The Electrosynthesis group at Johannes Gutenberg University Mainz (JGU) is further expanding its methods for the production of sustainable chemicals from lignin.The research lab, headed by Professor Siegfried Waldvogel at the JGU Institute of Organic Chemistry, is coordinating a partnership consortium of businesses and institutes of higher education.The SElectiveLI project was set up by the EU and an industrial consortium and is being funded through the Bio-based Industries Joint Undertaking (BBI JU) Public-Private Partnership.Over the next three years, EUR 2.9 million will be provided to reach an ambitious goal: Working together with numerous European partners in this project, the aim of Waldvogel's team is to show how lignosulfonate, a waste product of the paper and pulp industry, can be used to produce valuable 'green' compounds.This strategy avoids the use of valuable and limited resources for reagents and catalysts that would otherwise be necessary to enable such reactions.A further advantage is the fact that it is also possible to use excess electric energy for electrochemical purposes generated from renewable sources.
Contributing to this is the new MiLiQuant research project in which businesses and universities are cooperating to develop new applications for quantum technology.The German Federal Ministry of Education and Research (BMBF) will be supporting the project to the tune of approximately EUR 9.4 million over the next three years to early 2022.Johannes Gutenberg University Mainz (JGU) and Robert Bosch GmbH in Gerlingen are partners in the MiLiQuant project.Further partners are Q.ant GmbH in Stuttgart, Carl Zeiss AG in Jena, Nanoscribe GmbH in Eggenstein-Leopoldshafen, and Paderborn University.In the collaborative project MiLiQuant, short for "Miniaturized light sources for use in industrial quantum sensors and quantum imaging devices", the researchers enhance diode laser beam sources so that they can be employed in industrial quantum technology applications.The goal is to develop miniaturized, frequency- and power-stable beam sources that can also be used outside laboratories.
Superabsorbent materials in baby diapers and soft contact lenses seem to be worlds apart but have one thing in common: They are made of polymer gels that are permeable to certain substances.Soft contact lenses, for instance, must allow the delivery of ions and oxygen to the cornea, which means that they need to ensure the transport of both hydrophilic and hydrophobic molecules.Similarly, polymer gels that swell in different fluids and that are therefore permeable to a variety of substances can potentially be used as membranes in fuel cells or in antimicrobial coatings.A new alliance of six German research institutions is going to investigate this aspect over the coming years.The German Research Foundation (DFG) has given its approval to the new Research Unit 2811 on "Adaptive Polymer Gel with Controlled Network Structure" and will be funding it to the tune of some EUR 2 million over the next three years.He has been Professor of Physical Chemistry of Polymers at Johannes Gutenberg University Mainz (JGU) since 2016 and is the research unit's spokesperson.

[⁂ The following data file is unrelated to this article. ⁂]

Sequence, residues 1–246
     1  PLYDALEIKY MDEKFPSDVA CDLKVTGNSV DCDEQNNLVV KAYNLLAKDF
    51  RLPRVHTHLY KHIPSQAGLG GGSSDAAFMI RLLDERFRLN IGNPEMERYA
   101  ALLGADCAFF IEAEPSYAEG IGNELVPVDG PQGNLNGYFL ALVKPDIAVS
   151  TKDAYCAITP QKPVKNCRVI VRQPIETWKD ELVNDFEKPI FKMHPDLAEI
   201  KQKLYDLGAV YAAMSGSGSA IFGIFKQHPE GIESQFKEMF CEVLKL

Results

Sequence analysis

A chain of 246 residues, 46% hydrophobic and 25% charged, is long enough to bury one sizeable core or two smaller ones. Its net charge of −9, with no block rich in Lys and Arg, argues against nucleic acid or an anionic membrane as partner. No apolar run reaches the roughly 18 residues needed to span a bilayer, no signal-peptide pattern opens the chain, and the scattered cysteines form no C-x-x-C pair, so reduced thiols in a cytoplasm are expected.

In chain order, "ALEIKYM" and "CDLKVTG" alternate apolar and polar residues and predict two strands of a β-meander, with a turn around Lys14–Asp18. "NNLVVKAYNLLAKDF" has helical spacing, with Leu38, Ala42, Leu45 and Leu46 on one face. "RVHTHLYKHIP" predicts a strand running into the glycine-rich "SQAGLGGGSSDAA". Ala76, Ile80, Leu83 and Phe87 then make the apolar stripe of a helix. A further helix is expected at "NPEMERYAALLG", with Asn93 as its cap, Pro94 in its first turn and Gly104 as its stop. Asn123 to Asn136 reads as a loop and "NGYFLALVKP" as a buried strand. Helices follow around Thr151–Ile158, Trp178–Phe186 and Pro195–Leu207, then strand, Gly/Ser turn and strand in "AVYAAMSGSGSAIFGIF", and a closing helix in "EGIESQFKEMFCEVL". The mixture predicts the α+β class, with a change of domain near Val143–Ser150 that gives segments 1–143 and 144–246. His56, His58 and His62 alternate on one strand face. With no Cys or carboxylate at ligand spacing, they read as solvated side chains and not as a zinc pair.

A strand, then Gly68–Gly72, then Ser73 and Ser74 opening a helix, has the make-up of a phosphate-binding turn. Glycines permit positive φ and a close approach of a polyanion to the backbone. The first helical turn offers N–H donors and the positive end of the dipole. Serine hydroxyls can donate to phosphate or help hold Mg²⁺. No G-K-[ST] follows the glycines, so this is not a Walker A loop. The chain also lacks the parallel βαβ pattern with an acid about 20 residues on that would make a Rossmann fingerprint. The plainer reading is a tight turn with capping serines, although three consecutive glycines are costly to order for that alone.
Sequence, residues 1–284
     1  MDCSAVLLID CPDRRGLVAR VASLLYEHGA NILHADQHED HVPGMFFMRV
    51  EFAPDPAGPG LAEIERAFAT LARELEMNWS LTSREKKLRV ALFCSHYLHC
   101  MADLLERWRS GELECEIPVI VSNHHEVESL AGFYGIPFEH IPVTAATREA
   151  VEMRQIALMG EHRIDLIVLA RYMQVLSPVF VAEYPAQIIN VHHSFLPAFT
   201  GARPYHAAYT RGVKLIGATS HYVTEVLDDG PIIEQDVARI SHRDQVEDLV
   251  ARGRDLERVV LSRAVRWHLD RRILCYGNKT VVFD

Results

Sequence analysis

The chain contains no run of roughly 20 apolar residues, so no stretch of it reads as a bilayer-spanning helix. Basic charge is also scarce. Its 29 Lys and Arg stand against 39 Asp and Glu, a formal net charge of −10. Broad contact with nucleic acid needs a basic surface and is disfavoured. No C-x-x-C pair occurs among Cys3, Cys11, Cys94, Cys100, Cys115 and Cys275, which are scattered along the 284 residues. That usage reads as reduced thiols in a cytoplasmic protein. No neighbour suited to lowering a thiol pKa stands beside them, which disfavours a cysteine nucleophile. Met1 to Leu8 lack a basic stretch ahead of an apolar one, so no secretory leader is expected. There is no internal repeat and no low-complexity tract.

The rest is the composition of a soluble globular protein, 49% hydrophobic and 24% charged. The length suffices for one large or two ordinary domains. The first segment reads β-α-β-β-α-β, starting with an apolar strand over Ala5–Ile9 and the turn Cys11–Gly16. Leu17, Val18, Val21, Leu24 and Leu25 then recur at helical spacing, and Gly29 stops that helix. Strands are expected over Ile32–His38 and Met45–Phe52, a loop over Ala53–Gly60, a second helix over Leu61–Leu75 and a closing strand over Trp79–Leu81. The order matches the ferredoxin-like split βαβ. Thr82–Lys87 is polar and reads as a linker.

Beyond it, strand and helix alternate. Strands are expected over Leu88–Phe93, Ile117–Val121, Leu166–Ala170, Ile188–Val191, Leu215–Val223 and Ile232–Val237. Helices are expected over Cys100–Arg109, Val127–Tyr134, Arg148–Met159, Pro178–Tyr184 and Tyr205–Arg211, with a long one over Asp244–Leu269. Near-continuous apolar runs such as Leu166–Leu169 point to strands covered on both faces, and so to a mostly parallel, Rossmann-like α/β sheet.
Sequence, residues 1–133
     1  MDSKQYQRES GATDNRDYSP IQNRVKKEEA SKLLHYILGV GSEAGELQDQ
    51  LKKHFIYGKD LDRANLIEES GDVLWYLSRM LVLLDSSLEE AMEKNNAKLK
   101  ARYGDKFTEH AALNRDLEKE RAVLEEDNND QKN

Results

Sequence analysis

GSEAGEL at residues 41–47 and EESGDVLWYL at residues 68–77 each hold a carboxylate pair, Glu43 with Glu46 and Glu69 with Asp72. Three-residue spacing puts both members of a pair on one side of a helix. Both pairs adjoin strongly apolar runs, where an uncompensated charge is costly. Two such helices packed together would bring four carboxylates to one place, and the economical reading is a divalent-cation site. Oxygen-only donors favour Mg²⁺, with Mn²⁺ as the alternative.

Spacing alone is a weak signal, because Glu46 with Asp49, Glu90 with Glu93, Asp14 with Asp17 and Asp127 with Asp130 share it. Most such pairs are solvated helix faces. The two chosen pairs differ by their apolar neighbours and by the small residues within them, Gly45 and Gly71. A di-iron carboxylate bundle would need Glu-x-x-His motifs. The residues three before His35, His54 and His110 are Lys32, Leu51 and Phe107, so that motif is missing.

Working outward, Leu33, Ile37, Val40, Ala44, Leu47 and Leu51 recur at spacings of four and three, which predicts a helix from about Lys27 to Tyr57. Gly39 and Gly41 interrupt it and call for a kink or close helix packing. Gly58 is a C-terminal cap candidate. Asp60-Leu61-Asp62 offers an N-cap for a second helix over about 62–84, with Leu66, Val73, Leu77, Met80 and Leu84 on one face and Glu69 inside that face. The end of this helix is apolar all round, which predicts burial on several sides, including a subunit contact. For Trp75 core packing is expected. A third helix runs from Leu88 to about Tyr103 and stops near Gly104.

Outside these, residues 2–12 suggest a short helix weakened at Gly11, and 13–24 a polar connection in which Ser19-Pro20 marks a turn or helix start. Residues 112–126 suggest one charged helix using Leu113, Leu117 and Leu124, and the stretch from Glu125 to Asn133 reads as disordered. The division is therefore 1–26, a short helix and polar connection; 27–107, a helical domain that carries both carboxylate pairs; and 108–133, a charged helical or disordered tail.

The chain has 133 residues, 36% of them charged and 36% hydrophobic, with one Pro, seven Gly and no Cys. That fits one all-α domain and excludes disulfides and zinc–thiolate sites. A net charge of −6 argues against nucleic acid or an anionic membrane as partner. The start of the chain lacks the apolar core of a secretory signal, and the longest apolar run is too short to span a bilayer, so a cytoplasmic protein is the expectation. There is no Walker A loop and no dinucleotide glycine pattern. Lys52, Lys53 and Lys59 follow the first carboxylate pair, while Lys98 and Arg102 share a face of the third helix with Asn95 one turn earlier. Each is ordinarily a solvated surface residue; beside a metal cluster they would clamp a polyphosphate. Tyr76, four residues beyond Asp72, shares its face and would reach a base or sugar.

In short, the storage capacity we need is growing rapidly.One possibility is the racetrack memory device where the data is stored in nanowires in the form of oppositely magnetized areas, so-called domains.The results of this research have recently been published in the scientific journal Nature Materials.A research team from Johannes Gutenberg University Mainz (JGU) in Germany, together with colleagues from Eindhoven University of Technology in the Netherlands as well as Daegu Gyeongbuk Institute of Science and Technology and Sogang University in South Korea, has now made a discovery that could significantly improve these racetrack memory devices."We were able to demonstrate a hitherto undiscovered interaction," explained Dr. Kyujoon Lee of Mainz University."It occurs between two thin magnetic layers separated by a non-magnetic layer."
Its 24/7 availability and broad range of information offers allows for the creation of brand-new learning methods - not only for acquiring domain-specific and general knowledge but also for developing new learning skills.As a new learning space, the Internet has had a particularly profound effect at the university level, where the boundaries between originally very different types of learning are now becoming blurred.The former is clearly much more dynamic, variable, and far less formalized than the latter, especially in comparison with the traditional, highly-formalized types of learning we see at universities.Another remarkable aspect of this development relates to the increasing significance that algorithms based on machine learning are having on learning processes.Learning on Internet-based platforms is becoming more and more dependent on the 'externalization' of human learning activities and data processing operations.Researchers at Johannes Gutenberg University Mainz (JGU), Goethe University Frankfurt, and Technische Universität Darmstadt are aiming to fill in the gaps in cooperation with the German Leibniz Institute for Research and Information on Education (DIPF), Technische Universität Kaiserslautern, and the German Research Center for Artificial Intelligence (DFKI).